On Friday’s episode of The Ellen Show, DeGeneres read a letter from Muslim refugee Ekhlas Ahmed, who shared her story of coming to the U.S. unable to learn English and eventually learning the language by watching DeGeneres’ daytime show and transcribing everything she said.
DeGeneres brought a tearful Ahmed, who is now a graduate student, activist and high school English teacher, onto the stage to speak with her after reading the letter Ahmed wrote to her. Read more. (2/18/17, 1:53 PM)
Twenty-seven-year-old Omaha, Nebraska, resident Erin Duffy has never had – or even wanted – a credit card.
“I’ve been able to get along without it,” she says, attributing the choice to ambivalence and a wariness of plastic her parents fostered in her during her formative years. “I’ve liked being able to pay for things as I go, not having to worry about missing a bill.”
Duffy’s decision to live without credit cards is more common than you may think. A whopping 63 percent of millennials (ages 18 to 29) don’t have a credit card, according to a survey commissioned by Bankrate and compiled by Princeton Survey Research Associates International.
Comparatively, only 35 percent of adults 30 and over don’t have credit cards.
There are, admittedly, external factors influencing the statistics. An April 2014 Gallup poll found Americans’ reliance on credit cards, in general, has declined steadily since the Great Recession. Moreover, the Credit Card Accountability, Responsibility and Disclosure Act of 2009, or CARD Act, made it harder for anyone under 21 to get a credit card.
There’s also a more straightforward reason why a majority of millennials aren’t carrying the payment method: Many, like Duffy, just don’t want credit cards.
“I don’t really feel like there’s a need for one in the way I live my life,” says Melissa Pileiro, a 24-year-old resident of Vineland, New Jersey. “The idea with a credit card is you’re essentially putting money down that you don’t have.”
Like many members of her demographic, Pileiro is perfectly content with her debit card, a payment method whose existence has eaten into the credit card’s market share.
Millennials “grew up in a world where the economy was tanking,” says David Pommerehn, senior counsel with the Consumer Bankers Association. “There was great concern about jobs and debts and paying off bills.”
I bought 25 shares of Rexahn Pharmaceuticals Inc (RNN) at $.407 a share.
I bought 5 shares of Apricus Biosciences Inc (APRI) at $1.54 a share.
I know it’s small, but it’s my start and I’m not much of a gambler… yet. I intend on buying and selling often for a profit until I feel confident enough to invest in bigger stocks with high yield dividends.
Int the “company towns” of old days, workers bought the tools and goods they needed on credit, then were trapped indefinitely working to pay off their debts. Today this story outrages people-but what if the same scam were perpetrated by a class rather than a single corporation? Student loans ensnare young workers more effectively than any general store could have. Likewise, the only difference between debt and old fashioned indentured servitude is that now the servitude is owed to the economy in general rather than a particular individual or institution.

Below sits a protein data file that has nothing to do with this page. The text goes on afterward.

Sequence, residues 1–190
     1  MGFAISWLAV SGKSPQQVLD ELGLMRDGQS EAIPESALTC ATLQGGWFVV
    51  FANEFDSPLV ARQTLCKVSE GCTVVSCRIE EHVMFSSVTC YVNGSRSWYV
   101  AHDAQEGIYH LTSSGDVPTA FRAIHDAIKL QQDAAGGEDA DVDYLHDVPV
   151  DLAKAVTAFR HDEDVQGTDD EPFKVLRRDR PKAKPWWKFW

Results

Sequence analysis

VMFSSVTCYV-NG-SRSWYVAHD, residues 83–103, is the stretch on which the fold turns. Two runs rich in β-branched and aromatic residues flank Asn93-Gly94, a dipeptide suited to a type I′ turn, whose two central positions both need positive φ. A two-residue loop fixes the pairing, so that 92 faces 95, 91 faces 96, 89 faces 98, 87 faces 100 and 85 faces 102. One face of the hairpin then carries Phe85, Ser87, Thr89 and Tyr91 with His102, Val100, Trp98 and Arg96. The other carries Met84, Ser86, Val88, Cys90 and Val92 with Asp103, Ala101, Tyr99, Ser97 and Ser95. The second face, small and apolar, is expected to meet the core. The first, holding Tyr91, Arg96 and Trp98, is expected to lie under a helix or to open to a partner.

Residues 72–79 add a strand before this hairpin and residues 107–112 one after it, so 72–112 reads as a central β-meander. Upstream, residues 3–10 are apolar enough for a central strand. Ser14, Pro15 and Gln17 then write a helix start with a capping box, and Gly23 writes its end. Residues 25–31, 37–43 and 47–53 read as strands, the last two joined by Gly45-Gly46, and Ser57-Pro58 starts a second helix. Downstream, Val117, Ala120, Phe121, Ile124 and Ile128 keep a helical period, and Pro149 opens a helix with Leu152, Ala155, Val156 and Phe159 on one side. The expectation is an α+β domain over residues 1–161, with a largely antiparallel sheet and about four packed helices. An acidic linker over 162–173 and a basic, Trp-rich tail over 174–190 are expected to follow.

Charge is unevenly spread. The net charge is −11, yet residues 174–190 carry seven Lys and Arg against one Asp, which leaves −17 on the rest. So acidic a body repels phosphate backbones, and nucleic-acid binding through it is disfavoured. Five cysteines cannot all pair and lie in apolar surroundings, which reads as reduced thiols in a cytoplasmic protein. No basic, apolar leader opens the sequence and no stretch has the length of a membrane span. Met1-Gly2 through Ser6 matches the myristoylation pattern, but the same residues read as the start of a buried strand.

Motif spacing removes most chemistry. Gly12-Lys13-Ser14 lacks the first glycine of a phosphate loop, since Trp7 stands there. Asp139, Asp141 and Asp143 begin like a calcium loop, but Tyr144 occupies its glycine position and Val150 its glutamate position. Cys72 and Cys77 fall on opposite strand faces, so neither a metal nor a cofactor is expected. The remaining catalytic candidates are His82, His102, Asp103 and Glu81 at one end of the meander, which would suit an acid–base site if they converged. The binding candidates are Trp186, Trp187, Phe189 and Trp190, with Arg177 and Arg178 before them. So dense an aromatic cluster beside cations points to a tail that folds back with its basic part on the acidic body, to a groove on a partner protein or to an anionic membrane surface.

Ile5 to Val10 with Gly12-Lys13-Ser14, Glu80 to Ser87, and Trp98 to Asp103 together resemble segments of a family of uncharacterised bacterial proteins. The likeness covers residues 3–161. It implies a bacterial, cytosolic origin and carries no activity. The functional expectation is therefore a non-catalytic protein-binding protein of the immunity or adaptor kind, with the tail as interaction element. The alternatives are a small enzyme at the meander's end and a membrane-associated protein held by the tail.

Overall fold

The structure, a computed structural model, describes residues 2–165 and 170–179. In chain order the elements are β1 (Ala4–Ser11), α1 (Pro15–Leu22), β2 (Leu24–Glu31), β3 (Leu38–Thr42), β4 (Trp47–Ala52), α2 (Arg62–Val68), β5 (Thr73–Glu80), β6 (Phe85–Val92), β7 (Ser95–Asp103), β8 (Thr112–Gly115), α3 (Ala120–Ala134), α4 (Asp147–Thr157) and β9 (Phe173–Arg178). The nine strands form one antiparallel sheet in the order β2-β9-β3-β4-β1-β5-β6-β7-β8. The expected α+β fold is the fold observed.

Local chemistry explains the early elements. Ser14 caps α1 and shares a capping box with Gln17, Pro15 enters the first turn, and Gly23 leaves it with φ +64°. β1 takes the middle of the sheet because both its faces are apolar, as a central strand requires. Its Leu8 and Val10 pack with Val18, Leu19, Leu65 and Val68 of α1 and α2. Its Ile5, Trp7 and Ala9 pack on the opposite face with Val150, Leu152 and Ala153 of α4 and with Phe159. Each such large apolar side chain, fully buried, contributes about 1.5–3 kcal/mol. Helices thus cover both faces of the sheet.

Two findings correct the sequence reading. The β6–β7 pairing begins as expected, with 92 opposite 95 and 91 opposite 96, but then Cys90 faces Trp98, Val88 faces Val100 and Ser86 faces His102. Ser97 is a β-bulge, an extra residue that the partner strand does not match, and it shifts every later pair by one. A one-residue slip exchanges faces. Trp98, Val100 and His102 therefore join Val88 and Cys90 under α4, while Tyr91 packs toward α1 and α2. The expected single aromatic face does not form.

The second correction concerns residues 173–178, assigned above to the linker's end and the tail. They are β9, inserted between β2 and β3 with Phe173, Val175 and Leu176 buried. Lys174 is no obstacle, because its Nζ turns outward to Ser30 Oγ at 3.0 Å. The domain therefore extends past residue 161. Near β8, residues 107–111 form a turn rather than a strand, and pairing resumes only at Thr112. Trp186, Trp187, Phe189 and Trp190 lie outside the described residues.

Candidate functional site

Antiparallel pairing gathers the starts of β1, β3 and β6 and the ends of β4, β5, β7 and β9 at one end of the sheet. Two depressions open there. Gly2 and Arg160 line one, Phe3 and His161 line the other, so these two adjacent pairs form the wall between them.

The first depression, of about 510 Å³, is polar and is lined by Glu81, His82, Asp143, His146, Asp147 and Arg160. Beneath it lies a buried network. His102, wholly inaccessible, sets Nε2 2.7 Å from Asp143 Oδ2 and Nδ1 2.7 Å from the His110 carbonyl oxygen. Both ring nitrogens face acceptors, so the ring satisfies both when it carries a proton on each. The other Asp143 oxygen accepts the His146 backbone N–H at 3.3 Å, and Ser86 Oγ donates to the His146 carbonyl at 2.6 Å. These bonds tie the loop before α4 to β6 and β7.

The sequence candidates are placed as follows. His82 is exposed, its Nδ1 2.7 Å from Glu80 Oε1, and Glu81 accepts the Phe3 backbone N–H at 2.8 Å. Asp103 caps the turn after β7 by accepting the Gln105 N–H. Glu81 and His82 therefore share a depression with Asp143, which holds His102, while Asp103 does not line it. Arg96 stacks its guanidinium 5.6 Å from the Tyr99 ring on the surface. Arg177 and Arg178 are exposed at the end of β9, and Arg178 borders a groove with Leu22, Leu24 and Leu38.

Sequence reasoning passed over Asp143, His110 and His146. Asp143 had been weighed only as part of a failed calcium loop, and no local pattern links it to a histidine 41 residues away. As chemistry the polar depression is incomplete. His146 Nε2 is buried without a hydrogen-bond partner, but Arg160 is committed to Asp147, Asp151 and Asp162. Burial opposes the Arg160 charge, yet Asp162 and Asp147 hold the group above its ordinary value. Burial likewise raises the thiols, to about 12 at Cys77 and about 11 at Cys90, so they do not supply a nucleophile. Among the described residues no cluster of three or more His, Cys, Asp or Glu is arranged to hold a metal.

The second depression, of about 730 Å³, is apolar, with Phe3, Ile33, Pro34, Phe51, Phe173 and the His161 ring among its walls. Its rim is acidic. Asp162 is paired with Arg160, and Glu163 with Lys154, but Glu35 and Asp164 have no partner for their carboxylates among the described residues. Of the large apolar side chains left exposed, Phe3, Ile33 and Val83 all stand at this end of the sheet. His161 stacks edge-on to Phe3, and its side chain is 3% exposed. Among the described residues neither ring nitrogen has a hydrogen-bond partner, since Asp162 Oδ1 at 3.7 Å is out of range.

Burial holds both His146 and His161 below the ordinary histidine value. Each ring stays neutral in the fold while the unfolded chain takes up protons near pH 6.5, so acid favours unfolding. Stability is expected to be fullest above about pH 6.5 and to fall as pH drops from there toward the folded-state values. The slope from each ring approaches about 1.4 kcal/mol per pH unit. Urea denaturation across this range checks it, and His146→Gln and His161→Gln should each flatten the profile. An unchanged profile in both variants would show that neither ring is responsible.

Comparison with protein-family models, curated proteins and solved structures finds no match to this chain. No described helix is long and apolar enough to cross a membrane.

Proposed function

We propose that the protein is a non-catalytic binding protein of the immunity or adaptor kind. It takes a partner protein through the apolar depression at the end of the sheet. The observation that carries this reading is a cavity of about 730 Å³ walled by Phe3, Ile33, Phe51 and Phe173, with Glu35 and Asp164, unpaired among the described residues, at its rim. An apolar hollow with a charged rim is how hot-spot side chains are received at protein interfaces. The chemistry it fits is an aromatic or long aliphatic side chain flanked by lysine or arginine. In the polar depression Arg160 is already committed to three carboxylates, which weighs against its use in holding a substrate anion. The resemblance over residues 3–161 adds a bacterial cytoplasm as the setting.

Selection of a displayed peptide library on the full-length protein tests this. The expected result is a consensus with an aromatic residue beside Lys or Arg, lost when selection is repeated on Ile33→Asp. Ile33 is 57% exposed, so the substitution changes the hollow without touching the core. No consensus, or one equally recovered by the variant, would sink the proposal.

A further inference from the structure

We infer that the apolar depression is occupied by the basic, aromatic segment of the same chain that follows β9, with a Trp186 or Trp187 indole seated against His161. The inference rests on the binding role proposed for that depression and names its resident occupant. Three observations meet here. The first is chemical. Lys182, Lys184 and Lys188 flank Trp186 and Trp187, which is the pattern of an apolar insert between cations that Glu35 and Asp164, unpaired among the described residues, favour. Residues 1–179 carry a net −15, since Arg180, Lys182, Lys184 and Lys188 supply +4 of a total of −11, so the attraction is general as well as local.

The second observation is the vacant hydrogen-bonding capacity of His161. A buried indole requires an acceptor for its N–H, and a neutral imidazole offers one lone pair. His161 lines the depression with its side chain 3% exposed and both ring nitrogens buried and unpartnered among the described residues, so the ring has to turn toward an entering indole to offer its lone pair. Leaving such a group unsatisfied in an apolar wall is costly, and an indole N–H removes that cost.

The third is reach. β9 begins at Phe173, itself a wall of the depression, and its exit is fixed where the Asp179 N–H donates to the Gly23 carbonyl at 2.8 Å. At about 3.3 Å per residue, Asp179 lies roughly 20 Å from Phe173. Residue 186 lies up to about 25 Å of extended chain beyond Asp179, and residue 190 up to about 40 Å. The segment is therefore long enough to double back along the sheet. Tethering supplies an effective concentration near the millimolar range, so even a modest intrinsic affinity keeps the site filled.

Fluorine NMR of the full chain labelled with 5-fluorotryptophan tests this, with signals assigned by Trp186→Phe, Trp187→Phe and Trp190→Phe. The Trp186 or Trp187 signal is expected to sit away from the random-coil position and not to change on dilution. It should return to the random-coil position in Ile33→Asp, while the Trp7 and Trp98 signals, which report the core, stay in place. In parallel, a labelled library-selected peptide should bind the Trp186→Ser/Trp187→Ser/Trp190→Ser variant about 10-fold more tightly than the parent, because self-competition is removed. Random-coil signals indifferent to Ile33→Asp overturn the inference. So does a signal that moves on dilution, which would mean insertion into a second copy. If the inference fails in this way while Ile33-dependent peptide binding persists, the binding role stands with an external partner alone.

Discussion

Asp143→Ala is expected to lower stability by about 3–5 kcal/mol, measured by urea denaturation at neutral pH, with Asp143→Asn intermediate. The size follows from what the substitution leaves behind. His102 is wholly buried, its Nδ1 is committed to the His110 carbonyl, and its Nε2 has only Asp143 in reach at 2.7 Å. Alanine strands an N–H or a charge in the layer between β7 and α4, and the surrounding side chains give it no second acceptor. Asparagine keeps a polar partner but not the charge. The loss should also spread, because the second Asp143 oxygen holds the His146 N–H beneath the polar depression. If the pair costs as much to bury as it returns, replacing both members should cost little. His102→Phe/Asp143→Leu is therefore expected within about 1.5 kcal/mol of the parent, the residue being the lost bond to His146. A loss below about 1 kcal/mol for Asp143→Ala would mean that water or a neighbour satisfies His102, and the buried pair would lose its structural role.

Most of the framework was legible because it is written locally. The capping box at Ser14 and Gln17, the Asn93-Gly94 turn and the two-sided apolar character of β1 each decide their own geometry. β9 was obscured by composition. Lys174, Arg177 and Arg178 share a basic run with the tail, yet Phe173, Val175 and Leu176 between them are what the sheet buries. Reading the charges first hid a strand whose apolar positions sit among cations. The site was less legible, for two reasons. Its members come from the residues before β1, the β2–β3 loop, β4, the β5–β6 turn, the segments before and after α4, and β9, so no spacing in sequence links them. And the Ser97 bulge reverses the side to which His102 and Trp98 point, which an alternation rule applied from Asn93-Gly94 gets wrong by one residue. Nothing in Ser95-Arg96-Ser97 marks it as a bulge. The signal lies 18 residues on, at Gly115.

If we look at debt as a form of obligation, it starts to sound suspiciously familiar. Some are born with little, and can only get what they need on the condition that they pledge themselves to service; others start out with plenty and are so generous as to loan some of it out to the needy in return for this pledge. This is simply a new incarnation of the duty the poor have owed the rich since feudal times, updated to appear voluntary.
Senator Elizabeth Warren had some fighting words for the graduates at the University of Massachusetts to whom she delivered a commencement speech Friday. They were almost literally: fight Donald Trump and every other elected official not currently working to alleviate the student debt crisis.
“As a practical matter, how much you owe and who has access [to education], is set, in part, by a handful of people who, in a democracy, are supposed to answer directly to you,” Warren said in her speech, according to CNN. Read more. (5/12/17, 10:34 PM)
The goal of capitalism isn’t to set people free. The goal is to profit, as steadily as possible, off their continued neediness.
I struggle when I hear certain people decrying the poor for being ‘needy’ and appearing helpless. For what has capitalism created over the centuries, if not a system that provokes need, binds people to corporate offerings, and does its best to ensure they can never really get out from under the crushing burden of debt we saddle them with in exchange for 'allowing’ them to work for the capitalist system?
The absolute 'worst’ outcome in a capitalistic enterprise is to create something that enables people to become more self-sufficient. By fostering self-sufficiency, the business undermines its ability to continue to harvest money off its dependents.
What does former President Barack Obama, Kerry Washington and Jon Hamm all have in common? They struggled with student loans for years into their professional lives. If you have debt, you’re not alone.